Tanzania’s aspirations to enhance its sunflower industry in the 2023/2024 growing season have encountered setbacks due to complications in implementing a seed subsidy scheme aimed at sourcing high-yield seeds for the country’s one million sunflower farmers.
The initiative, financed by the African Development Bank, sought to procure 700 tonnes of hybrid seeds capable of delivering yields and oil content up to 65 percent higher than traditional varieties. The government intended to make these seeds available at subsidized prices for the growing season that commenced in October.
However, difficulties arose in securing the supply due to a shift in strategy regarding the selection of hybrid seeds. Tanzania has been making significant investments in sunflower processing to curtail its substantial edible oil imports, ranging from $90 million to $250 million annually. To support local oil producers, the government implemented tariffs on edible oil imports and eliminated VAT on sunflower oil processing equipment.
Nevertheless, processors face constraints stemming from the scarcity and relatively high cost of domestic raw materials, attributed to low yields from farmers. Despite the government and private sector introducing four hybrid seeds to the market over the past decade, their adoption has been minimal.
The plan to bulk-purchase subsidized hybrid seeds aimed to stimulate greater adoption, providing improved profit margins for farmers, supporting an expanded processing sector, and potentially generating thousands of new jobs. During the tender process, the Tanzanian government opted for a new entrant in the seed industry to supply 700 tonnes of a recently registered hybrid used in India.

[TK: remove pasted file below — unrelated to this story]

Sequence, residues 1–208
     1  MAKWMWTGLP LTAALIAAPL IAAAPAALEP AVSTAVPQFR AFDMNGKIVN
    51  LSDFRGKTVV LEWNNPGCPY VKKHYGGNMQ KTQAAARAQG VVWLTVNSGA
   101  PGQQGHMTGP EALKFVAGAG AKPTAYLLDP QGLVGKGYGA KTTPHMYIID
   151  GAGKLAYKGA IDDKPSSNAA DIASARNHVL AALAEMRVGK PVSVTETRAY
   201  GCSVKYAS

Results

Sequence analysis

This particular hybrid, one of 18 registered with the Indian Directorate of Oilseeds Development (DOD), lacks available information on its yields and oil content. Unlike other registered hybrids, it is not recommended by the DOD for any specific region in India. Despite these uncertainties, the new entrant could offer a lower price due to sourcing the seeds as an open buyer from India.
However, the negotiation for this single purchase of stockpiled Indian seed has extended over several months, causing a delay that prevents its arrival before the growing season began. Once the seeds arrive, the establishment of new distribution partnerships and networks will be necessary.
For Tanzanian farmers, it is increasingly improbable that the seed purchase will be available before the conclusion of the planting season in early 2024. Furthermore, the new supply will necessitate storage until the subsequent 2024/2025 season. Market specialists also note that the stockpiles of the new seed in India, which prompted price reductions, amount to approximately 500 tonnes, further impeding the completion of the 700-tonne order.